More dirty tricks by a desperate minority: The 2012 election taught conservatives that they are the minority, even on social media like Twitter and Facebook. While the Tea Party has started their own version of Facebook (tick tock — waiting for them to be sued for stealing the layout), their solution on Twitter has been to silence speech they don’t agree with by spam blocking en masse to get progressives suspended. Last weekend they got over a dozen accounts suspended.

“#TGDNexposed” was trending on Twitter after progressives uncovered the coordinated assault. Zach Green, Founder of UniteBlue.com, explained to Politicus how conservatives are trying to silence the speech of progressives using the hashtag #TGDN, “A group of conservatives organized under the hashtag #TGDN has been targeting progressive accounts with the intention of getting them suspended. They report progressive accounts as Spam, which is particularly effective against smaller accounts with few followers. We’re helping the Left find and follow one another so they are protected.”

Into this assault stepped #UniteBlue. Mr. Green described #UniteBlue in an interview with Politicus as “a watering hole for progressives to connect on Twitter. Our sole purpose is to connect the Left with the understanding we’re stronger together.” Unite Blue functions on Twitter as a list to protect progressive accounts from being suspended via conservative “spam blocks” by getting them more followers.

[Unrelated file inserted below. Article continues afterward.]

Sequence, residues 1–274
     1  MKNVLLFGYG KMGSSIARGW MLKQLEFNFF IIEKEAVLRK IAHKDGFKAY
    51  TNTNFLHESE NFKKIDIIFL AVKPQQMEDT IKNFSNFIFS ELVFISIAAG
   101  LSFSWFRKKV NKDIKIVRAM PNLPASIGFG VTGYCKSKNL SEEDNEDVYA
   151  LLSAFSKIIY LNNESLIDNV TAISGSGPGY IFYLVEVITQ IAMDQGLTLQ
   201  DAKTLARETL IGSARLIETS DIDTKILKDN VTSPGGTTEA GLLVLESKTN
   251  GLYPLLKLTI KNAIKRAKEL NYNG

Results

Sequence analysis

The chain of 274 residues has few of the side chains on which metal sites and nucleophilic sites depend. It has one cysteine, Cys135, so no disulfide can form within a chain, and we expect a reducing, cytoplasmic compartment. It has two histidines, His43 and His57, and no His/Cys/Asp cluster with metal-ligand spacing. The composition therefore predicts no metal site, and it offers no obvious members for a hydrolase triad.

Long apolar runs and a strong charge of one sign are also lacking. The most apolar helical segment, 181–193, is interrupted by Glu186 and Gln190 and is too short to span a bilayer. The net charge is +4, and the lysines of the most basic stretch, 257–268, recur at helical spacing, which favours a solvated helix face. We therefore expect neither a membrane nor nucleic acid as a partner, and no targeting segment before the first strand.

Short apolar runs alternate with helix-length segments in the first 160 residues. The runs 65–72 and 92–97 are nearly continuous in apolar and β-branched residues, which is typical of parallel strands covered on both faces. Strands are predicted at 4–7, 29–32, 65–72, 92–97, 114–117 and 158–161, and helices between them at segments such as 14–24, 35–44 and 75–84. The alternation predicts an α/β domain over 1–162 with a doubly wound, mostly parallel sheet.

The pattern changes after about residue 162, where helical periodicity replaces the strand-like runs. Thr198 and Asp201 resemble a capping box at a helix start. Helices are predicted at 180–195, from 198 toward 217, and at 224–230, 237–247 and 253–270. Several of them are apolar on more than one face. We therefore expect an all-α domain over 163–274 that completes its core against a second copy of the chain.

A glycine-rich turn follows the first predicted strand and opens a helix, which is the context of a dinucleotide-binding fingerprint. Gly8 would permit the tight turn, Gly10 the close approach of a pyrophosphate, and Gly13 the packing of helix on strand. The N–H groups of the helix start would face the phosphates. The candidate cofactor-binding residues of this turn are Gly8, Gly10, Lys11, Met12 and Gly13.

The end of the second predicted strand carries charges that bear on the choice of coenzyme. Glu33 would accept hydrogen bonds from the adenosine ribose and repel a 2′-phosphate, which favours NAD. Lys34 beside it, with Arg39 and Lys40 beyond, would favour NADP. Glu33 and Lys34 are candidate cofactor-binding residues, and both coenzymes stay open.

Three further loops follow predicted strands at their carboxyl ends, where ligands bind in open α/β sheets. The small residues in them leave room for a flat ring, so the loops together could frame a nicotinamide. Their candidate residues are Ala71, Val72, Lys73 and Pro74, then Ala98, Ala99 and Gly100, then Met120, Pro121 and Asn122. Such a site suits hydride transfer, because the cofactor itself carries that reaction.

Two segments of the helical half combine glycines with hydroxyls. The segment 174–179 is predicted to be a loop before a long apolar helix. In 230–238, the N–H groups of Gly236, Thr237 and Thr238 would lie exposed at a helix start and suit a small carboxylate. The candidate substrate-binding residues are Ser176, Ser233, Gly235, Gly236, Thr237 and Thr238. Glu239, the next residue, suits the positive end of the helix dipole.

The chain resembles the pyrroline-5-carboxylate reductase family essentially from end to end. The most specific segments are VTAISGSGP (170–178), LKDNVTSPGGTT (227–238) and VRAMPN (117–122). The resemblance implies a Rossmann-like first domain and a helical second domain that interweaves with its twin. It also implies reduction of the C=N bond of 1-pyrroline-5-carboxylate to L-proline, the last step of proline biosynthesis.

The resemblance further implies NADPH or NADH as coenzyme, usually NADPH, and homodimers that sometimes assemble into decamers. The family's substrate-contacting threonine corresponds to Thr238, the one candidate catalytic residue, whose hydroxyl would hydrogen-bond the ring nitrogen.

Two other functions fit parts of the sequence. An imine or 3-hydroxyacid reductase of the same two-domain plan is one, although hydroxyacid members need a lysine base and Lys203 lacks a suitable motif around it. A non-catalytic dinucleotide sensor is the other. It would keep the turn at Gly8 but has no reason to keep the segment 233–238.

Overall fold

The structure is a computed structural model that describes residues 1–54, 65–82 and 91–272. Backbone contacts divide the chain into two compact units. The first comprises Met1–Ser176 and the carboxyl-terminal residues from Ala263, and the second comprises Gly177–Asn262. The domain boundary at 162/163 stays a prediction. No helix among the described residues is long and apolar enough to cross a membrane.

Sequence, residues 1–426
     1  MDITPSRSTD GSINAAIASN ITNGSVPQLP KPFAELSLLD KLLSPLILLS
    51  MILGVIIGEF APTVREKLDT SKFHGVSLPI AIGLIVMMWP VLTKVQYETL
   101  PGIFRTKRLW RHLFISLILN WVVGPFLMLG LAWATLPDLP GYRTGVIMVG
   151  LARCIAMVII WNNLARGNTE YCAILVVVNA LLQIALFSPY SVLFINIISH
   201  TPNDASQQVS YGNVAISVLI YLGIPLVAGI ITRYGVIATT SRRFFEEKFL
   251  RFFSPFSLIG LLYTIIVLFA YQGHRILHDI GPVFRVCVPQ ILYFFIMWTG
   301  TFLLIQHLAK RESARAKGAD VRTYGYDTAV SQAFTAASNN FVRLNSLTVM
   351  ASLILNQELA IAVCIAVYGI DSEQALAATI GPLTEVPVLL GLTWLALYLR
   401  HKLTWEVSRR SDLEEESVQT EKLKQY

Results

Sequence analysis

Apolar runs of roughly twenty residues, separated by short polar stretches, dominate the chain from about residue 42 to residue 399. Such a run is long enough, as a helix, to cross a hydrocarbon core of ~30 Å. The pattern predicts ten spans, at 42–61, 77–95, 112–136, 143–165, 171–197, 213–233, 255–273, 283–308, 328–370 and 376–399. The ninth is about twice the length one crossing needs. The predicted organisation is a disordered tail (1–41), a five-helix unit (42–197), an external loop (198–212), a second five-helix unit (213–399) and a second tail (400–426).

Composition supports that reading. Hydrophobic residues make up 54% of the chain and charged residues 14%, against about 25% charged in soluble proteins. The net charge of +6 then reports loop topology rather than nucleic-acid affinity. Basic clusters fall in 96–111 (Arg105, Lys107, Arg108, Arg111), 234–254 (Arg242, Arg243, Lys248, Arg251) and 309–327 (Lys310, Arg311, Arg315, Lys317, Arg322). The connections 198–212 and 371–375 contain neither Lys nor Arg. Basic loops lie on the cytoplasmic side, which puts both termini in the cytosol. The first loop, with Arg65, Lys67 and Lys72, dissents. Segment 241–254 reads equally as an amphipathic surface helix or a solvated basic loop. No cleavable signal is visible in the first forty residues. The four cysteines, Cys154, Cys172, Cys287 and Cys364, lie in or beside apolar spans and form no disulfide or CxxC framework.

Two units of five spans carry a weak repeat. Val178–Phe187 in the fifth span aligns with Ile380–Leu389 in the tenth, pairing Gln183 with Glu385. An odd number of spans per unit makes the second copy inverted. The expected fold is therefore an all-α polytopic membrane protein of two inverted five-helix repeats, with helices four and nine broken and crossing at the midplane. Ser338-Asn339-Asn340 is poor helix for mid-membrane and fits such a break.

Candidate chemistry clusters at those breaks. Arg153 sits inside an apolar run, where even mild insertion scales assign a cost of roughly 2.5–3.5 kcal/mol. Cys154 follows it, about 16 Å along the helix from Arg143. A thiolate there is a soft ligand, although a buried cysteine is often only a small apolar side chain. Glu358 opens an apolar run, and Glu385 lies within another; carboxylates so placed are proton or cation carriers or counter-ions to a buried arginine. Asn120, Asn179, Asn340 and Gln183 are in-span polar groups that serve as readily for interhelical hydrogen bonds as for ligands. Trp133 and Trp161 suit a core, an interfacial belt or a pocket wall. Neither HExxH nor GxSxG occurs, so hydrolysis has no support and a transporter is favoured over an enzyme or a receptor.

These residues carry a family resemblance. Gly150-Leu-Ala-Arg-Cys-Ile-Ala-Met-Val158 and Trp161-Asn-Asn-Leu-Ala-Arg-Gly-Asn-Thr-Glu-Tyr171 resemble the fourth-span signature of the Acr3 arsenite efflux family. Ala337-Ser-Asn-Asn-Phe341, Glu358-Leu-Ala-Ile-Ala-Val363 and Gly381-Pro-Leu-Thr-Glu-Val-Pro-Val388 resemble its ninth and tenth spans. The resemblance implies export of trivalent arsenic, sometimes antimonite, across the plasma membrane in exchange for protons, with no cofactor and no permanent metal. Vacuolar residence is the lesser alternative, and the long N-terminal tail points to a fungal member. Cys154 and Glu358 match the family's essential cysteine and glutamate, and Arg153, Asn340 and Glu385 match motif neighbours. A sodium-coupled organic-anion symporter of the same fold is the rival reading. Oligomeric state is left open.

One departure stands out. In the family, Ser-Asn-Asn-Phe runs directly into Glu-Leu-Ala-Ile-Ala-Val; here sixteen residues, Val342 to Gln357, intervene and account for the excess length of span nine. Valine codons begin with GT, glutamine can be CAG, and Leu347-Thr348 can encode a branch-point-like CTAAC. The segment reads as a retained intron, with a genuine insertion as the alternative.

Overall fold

I, for one, am about to totally go and de-friend everyone not listed as “Liberal” on my Facebook account. That’ll show ’em.

Spam blocking in order to silence progressives is just another tactic of a minority trying to hijack the dialogue. Remember the death panel town halls of 2010? If they can’t win with messaging, they will resort to dirty tricks executed with the necessary belligerence of the minority.

Zach broke it down for Politicus readers, “The 2012 election showed progressives simply outnumber conservatives now. Republicans saw that, and their solution is to silence the Left. Make voting harder. Gerrymander districts. Rig the Electoral College. Spam-block and suspend accounts. UniteBlue will work to connect the Left on Twitter because we’re stronger together.”

Though the inclusion of ‘spam-block and suspend accounts’ in that list of truly despicable and troubling fringe-conservative plots is enough to give you a migraine from the cognitive dissonance it invokes, it is a fundamentally dishonest attempt by the right to silence what the don’t want to hear. Hopefully this story won’t get too much play – I’d rather liberals not be seen losing their shit over anything anyone does on Twitter – but it does seem unavoidable to conclude that the only thing more petty than making a big deal about this is the original act itself. Getting people blocked on Twitter? Come on people. It does give you a pretty good idea of where the average, man-on-the-street conservative extremist’s head is.